The American IP Lawyers Association, Carter said, “is taking the position that when you look at this in broad brushstrokes, Hatch-Waxman shifted the burden and the risk for generic manufacturers by allowing them to start to take steps to get to market sooner, and because of that, there’s been a growth of different ways to resolve those potential challenges to the patentee,” including reverse payment settlements.

“What this really gets to is the fundamental tension between federal antitrust laws and inventors who want to gain a patent to have a monopoly for a certain number of years,” Carter said. “I think anyone who’s involved in health care or pharmaceutical preparation at all is interested in this, whether it’s on the generic or the branded side.”

Don Knebel is a senior adviser to the Center for Intellectual Property Research at Indiana University Maurer School of Law in Bloomington and a veteran antitrust and IP attorney at Barnes & Thornburg LLP. He also is an adjunct professor at Maurer who teaches intellectual property antitrust.

For years, pharmaceutical companies largely assumed they were on firm legal footing in offering settlements to generic makers to fend off patent challenges, Knebel said. Pharmaceutical makers could retain a revenue stream from their patented drugs and generic producers could receive an agreeable, negotiated sum to drop their challenges for a specified time.

The 3rd Circuit ruling changed that, Knebel said. “Now, it is essentially up for grabs.”

“The FTC has been arguing for years, and on what I would consider a crusade, to stop these agreements,” Knebel said.

Knebel has represented clients on both sides of the issue, and both sides present compelling arguments. The court could determine that reverse payment settlements are always legal, never legal, or must be decided on a case-by-case basis, he said.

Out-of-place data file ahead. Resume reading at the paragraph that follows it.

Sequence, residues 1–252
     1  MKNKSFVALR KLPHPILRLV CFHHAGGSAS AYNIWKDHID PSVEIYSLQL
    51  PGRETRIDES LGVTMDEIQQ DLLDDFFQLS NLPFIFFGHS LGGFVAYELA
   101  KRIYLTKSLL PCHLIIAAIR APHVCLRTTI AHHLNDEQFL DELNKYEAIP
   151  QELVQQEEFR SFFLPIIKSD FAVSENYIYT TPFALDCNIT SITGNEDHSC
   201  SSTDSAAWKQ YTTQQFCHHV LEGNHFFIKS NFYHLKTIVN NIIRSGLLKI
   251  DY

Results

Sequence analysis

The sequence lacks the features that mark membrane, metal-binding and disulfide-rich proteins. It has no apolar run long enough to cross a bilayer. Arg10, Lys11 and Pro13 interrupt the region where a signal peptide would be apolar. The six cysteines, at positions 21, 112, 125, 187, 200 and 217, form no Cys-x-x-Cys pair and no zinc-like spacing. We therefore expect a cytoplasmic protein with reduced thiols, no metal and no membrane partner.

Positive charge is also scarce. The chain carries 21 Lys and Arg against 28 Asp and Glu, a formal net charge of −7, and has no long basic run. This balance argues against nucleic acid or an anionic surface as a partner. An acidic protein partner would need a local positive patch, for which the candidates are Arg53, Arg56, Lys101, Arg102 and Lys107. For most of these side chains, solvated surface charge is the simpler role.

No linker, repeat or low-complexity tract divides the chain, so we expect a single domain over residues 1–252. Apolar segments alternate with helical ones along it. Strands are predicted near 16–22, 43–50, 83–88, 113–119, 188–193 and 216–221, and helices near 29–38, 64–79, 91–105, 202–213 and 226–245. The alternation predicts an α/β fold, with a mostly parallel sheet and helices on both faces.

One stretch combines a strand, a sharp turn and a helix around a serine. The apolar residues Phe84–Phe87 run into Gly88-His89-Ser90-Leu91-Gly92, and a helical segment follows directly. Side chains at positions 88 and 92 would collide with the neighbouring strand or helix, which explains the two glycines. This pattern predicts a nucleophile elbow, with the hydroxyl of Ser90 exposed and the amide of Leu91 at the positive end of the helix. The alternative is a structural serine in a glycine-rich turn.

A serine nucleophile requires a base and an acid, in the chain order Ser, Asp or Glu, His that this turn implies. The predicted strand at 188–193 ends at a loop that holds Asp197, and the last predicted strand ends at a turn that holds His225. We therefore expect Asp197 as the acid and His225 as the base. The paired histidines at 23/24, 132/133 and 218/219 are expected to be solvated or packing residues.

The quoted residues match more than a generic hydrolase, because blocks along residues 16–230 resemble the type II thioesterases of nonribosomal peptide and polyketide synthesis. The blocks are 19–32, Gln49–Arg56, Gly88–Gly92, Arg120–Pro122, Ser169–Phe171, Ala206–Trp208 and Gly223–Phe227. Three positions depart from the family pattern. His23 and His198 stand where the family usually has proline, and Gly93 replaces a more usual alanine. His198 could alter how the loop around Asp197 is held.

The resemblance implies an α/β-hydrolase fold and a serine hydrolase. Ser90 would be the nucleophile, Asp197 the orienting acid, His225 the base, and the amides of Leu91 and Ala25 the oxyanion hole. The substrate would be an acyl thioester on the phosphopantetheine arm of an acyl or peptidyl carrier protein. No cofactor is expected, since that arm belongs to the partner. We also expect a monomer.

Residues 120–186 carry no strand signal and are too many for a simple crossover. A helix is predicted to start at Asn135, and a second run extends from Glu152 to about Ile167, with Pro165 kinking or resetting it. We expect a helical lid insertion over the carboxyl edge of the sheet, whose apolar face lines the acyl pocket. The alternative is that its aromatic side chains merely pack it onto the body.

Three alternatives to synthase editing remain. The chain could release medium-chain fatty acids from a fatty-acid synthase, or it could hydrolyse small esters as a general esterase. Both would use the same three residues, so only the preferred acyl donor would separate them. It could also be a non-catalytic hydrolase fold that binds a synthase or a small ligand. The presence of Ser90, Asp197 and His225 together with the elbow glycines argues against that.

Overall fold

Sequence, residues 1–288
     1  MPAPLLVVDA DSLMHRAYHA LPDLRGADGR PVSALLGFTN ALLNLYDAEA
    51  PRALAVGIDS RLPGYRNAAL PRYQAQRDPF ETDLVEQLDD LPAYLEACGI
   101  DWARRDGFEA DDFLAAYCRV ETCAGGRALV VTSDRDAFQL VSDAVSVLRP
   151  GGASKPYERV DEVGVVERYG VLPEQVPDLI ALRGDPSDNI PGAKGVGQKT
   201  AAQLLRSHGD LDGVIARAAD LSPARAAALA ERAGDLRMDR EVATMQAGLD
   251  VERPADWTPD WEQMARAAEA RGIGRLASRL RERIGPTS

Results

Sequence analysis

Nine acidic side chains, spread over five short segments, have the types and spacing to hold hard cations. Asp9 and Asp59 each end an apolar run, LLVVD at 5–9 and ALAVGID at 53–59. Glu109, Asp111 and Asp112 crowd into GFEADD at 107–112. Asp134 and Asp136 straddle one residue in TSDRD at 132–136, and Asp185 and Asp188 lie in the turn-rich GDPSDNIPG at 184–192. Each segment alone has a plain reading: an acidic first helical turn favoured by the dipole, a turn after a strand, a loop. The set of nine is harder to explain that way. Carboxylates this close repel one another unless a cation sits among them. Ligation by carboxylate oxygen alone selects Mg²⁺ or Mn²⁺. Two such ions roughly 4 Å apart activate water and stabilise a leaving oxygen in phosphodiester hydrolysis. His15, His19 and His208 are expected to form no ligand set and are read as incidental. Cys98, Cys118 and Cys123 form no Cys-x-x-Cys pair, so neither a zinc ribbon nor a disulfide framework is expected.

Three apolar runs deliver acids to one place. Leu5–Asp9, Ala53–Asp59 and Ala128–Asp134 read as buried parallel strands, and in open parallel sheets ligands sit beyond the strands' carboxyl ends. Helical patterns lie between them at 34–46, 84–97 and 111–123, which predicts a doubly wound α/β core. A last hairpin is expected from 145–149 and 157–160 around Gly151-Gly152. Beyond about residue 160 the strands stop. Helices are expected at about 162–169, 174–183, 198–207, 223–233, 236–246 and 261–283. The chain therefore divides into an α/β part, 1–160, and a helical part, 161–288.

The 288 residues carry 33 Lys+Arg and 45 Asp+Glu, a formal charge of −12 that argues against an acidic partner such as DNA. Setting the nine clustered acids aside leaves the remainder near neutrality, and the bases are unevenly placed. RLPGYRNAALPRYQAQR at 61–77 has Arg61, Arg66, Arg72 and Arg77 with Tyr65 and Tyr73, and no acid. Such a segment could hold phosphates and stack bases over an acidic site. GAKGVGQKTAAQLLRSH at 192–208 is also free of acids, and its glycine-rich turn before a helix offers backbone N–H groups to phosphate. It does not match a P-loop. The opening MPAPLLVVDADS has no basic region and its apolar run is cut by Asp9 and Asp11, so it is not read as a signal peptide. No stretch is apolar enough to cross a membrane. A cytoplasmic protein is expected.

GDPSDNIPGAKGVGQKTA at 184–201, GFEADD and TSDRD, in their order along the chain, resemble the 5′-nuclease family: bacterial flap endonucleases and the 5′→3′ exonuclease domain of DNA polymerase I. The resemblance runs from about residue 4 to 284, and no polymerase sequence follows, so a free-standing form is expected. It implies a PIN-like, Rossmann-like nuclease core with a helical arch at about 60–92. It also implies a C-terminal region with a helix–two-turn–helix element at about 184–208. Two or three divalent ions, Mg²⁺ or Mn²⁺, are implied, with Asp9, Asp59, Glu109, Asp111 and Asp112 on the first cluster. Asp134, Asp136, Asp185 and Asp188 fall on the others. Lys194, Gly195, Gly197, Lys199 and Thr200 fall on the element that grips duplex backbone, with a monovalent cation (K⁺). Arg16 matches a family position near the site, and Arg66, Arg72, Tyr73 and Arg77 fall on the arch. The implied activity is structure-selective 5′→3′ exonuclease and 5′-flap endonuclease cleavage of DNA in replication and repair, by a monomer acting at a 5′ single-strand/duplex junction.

“Until this issue is resolved by the Supreme Court, I think branded pharmaceutical companies are going to be reluctant to enter into these agreements,” he added.

However the court decides, Knebel doesn’t believe the outcome will harm innovation. He said pharmaceutical companies will still have an incentive to produce new products to win patents, and generic makers will continue to be motivated to challenge those patents.•
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  1. Such things are no more elections than those in the late, unlamented Soviet Union.

  2. It appears the police and prosecutors are allowed to change the rules halfway through the game to suit themselves. I am surprised that the congress has not yet eliminated the right to a trial in cases involving any type of forensic evidence. That would suit their foolish law and order police state views. I say we eliminate the statute of limitations for crimes committed by members of congress and other government employees. Of course they would never do that. They are all corrupt cowards!!!

  3. Poor Judge Brown probably thought that by slavishly serving the godz of the age her violations of 18th century concepts like due process and the rule of law would be overlooked. Mayhaps she was merely a Judge ahead of her time?

  4. in a lawyer discipline case Judge Brown, now removed, was presiding over a hearing about a lawyer accused of the supposedly heinous ethical violation of saying the words "Illegal immigrant." (IN re Barker) http://www.in.gov/judiciary/files/order-discipline-2013-55S00-1008-DI-429.pdf .... I wonder if when we compare the egregious violations of due process by Judge Brown, to her chiding of another lawyer for politically incorrectness, if there are any conclusions to be drawn about what kind of person, what kind of judge, what kind of apparatchik, is busy implementing the agenda of political correctness and making off-limits legit advocacy about an adverse party in a suit whose illegal alien status is relevant? I am just asking the question, the reader can make own conclsuion. Oh wait-- did I use the wrong adjective-- let me rephrase that, um undocumented alien?